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  • Writer's pictureIndiaLily

Journalism exams explained: NQJs

*I'll start by reminding you quickly that I'm not an expert, this is just my experience with journalism exams.*

NCTJ 'junior' and 'senior' exams:

First up a bit of background - NCTJ is the main credited body for journalists so when I left uni with an English degree and wanted to get into journalism, having NCTJ qualifications on my CV seemed like a good thing to do.

I did my NCTJ diploma (think of this as the junior exams) through distance learning and that allowed me to get a trainee reporter role. Find out more about that here.

When you become a trainee reporter, you can do 18-24 months working in the newsroom before you're allowed to do the senior exams known as the NQJs. This time frame depends on your workplace, and mine wanted me to do two years.

I started in September 2020, and then sat my NQJs in November 2022. The NQJs can be sat three times a year - March, July, and November.

Once you have the NQJ you are a senior reporter and that's really as high as you can go in journalism in terms of exams.

Why do the NQJ?

Not everyone does the NQJ, but I personally wanted it because:

- It gets you a pay rise

- It means that on my CV I have the highest NCTJ qualification so thought it would be good for employment prospects

What does it involve?

There's three elements to the NQJ - the logbook, a practical exam, and a law exam. All three are equally weighed and you have to get 60%+ in each one to pass overall. If you fail one element you only have to resit that one. If all your results are 60%+ then they find your average to give you an overall result - pass (60-64%), merit (65-69%), distinction (70%+).


This is like another portfolio to show the examiners what you've been working on as a trainee. There's 10 categories (eg. politics, court, visual, trainee choice) to cover and within those you have to show different types of stories and explain what decisions were made and why.

There's a lot more to it than the portfolio for the junior exams because there's so much admin to do within each category. This is definitely something to start a few months in as a trainee. I noted down potential entries early on and then worked away at it little and often for the last year as a trainee. The logbook really isn't something you can leave to the last minute.

Practical exam:

The 'big news story' exam is all about showing the examiner how you would cover a breaking news stories. You're given new information throughout the exam and have to write a short/long story, and then have to explain how you would use social media/manage the story. This was a 2.5-hour remote exam.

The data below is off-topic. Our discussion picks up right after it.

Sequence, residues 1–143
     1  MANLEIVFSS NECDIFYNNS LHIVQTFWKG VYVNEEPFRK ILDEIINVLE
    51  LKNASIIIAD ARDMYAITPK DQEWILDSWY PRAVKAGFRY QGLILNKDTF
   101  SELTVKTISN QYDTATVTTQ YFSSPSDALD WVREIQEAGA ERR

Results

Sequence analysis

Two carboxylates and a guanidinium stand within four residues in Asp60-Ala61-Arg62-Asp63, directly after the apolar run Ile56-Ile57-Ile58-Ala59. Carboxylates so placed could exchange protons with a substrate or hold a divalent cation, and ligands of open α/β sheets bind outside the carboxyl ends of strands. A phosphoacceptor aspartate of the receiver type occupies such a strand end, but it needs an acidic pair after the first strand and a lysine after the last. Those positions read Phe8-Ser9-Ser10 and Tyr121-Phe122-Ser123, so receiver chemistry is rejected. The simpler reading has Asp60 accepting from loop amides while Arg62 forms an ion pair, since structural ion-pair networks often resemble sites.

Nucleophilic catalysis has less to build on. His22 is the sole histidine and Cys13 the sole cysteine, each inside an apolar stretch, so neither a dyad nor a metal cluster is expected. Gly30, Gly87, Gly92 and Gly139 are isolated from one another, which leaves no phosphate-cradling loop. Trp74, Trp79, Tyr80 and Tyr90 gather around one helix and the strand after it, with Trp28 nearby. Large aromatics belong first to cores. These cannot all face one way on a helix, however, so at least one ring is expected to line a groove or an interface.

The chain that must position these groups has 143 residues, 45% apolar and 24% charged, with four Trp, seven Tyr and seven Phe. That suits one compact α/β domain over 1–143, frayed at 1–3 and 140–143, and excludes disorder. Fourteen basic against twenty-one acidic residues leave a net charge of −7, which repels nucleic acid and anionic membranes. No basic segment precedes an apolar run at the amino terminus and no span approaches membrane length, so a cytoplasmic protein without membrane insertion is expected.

This is like a harder version of the law exam for the NCTJ diploma. On the plus side, it's open book. This means you have your McNae's but you have to know exactly how to answer the questions and include certain details to get those important marks from the examiners. This was a two-hour remote exam.

What preparation you do:

I had a trainer called Nick who was in charge of helping me get exam-ready. He was sorted out through the company I work for. This included a workshop two months before the NQJs which was all about the practical exam. This was a two-hour remote session followed by a mock which he marked.

Then a month before the exams I had a refresher with Nick which was made up of five one-hour remote sessions to go through content for the law exam.

With the logbook, there was an editor called Nicola within my company that worked on it with me. This included emails and a few remote sessions to make sure I was on track to get it all done in time.

Other than that it's on you to be ready. I did lots of mocks to make sure I got the exam technique right.

There are extra preparation sessions offered by the NCTJ themselves, but I chose not to do these as I felt my sessions with Nick were enough.

Exam day and results:

You have to submit your logbook a week before the exams and then both exams are sat on the same day.

I found the exam day pretty tiring but as relaxed as it could have been given that you're doing two quite long exams. It definitely calmed me down doing them remotely because it meant in between exams I could relax in the living room while I had lunch.

Results were issued a month later via email (they tell you you'll get the email by 5pm on a certain day). Fast-forward through that month of thinking about results constantly, and I woke up very nervous. I wasn't expecting results until at least the afternoon but worked from home that day in case I'd failed and needed to cry.

Shockingly, at 9.04am the results email pinged into my inbox and of course I clicked into the wrong attachment as my hands were shaking. After a lot of stress, I got the right letter and found I'd passed with a distinction! What followed was a high pitched phone call to my parents and a day of work where I couldn't really concentrate on anything other than the fact I'd just passed the final exams I'll ever take - hallelujah!!

What next?

As I'm writing this I can reveal some news... I have just secured a job as a production journalist for ITV West Country!

I'll be moving to Bristol in a few weeks and still feel like I'm living in a dream. The role mixes digital and broadcast journalism so is exactly what I wanted.

I couldn't be happier and feel this is a brilliant next step for me. I can't wait to get started!

Other journalism pieces I've done that you might find useful:


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